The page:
I am going to be honest. This has been the hardest month of my year thus far. After language frustrations, cultural learning curves, missing holidays and big events in the states, aching to do something rather than just be, and slowly learning to explain what this year is, I thought the hard part was done. And then came June 7th, the start of my last month. There is so much to think about right now, and my brain begins to forms cracks of separation between Cambodia and the United States like an earthquake disrupting the land. There is so much to feel right now, and my heart overflows from the joy and grieving and hope and strain and love flooding into it. A close friend in college once told me that my heart was a confusing thing. She said it was too big because I left the door to it wide open with room for everything to enter and since pain can creep into even a crack under a door, my heart was ridiculously susceptible to it. But my heart also seemed to have the ambition of growing even larger for the beauty that was yet to be discovered or the love that did not yet have a home, despite the hurt that may accompany all the good. Times like these remind me of that. With about three weeks left in placement, I continue to take each moment for the beautiful bitter-sweet time that it is. I do not deny myself from feeling anything that I do during this time, because preparing to leave is a strange thing.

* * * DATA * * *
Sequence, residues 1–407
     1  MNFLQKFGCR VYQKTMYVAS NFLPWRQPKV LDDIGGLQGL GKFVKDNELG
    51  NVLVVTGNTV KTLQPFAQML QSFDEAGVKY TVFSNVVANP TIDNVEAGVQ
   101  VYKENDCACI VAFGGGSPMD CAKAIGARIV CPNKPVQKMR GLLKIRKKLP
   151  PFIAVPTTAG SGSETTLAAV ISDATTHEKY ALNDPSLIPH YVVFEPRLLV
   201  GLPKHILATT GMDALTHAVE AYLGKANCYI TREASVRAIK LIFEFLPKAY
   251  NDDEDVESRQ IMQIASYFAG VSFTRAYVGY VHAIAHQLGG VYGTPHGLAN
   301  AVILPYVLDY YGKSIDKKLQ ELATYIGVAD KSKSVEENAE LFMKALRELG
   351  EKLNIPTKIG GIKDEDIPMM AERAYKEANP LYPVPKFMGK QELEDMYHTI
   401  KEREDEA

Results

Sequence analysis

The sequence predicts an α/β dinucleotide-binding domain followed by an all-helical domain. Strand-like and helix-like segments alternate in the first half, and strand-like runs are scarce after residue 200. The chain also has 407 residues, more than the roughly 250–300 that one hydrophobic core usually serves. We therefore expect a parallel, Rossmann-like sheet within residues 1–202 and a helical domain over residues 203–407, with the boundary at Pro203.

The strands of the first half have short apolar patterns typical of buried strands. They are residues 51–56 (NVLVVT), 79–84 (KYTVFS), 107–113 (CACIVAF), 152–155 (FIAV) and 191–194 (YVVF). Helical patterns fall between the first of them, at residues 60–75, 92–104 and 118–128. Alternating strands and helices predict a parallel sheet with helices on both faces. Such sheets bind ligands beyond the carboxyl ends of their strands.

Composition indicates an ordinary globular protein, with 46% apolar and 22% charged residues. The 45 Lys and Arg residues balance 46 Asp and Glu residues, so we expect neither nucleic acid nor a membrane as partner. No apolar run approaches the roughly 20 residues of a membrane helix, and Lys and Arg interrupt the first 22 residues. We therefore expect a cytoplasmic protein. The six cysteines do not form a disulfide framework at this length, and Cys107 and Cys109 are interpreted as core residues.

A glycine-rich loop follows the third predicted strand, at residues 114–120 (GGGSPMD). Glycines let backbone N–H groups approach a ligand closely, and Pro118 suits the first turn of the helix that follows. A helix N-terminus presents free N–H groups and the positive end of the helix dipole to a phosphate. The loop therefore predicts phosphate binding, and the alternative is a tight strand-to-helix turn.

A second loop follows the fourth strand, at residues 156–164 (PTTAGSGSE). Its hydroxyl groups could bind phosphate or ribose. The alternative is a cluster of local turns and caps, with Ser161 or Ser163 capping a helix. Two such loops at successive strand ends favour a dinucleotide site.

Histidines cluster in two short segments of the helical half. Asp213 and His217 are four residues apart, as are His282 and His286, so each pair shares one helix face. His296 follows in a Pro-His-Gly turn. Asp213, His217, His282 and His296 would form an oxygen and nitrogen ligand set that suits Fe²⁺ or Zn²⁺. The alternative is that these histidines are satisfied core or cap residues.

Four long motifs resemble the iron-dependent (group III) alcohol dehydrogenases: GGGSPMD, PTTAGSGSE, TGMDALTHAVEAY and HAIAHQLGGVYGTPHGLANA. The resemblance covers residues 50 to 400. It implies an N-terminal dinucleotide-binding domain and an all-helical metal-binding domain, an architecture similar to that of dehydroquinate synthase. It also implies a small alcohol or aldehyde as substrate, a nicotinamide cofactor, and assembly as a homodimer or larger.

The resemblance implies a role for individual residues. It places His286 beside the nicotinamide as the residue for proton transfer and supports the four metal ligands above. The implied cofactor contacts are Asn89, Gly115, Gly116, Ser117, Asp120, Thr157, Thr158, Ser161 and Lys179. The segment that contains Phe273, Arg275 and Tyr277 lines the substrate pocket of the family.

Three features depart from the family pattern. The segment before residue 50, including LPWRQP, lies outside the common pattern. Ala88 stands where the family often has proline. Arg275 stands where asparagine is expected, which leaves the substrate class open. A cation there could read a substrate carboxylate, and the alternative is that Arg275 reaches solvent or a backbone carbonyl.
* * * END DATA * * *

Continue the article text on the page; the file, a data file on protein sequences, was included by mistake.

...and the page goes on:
Last week I attended a youth camp with six other LCC staff members and one youth from the Tang Krang congregation. Many times during the camp I would close my eyes and just soak in however I felt. Frustrated, joyful, comfortable, tense, reminiscent, thoughtful, emotionless. It was good to open my eyes again and remember that these strong emotions make it clear just how impactful the places and people here have been this past year. It feels nice to know there is still some time left. Time to feel anything and everything that comes along. Throughout the week I was reminded of the Ashley that stepped off the plane in August. She knew about five (very badly pronounced) words in Khmer, she only could say for sure that rice was one important food, and she knew she got to take her shoes off a lot. But now, ten months later, she has grown so much from that place because of the people here. The Ashley that will eventually get off a different plane is both strikingly different, and very much the same. Same, same, but different.
At the end of the week I had to start my goodbyes to people who have been important during my time here, even if only for moments few and far between. When the time came for some of them, they looked at me and said one of the most common Cambodian phrases I have come to love: “See you when you see me.” And then they left, and that was it. There was not a hug, nor even a real goodbye, just a reminder that someday, we will see one another again. It was nothing like I pictured it, and yet exactly what I expected. Some of the tension I had been holding over the week as I approached the first round of goodbyes was dispersed, and I found a strange peace in knowing that my goodbyes were over, if only for a little bit. As my days continue to decrease, and are filled with both memories to cherish and moments of loss, I consider myself increasingly blessed. This feeling can only truly be explained through one of my favorite Winnie the Pooh quotes: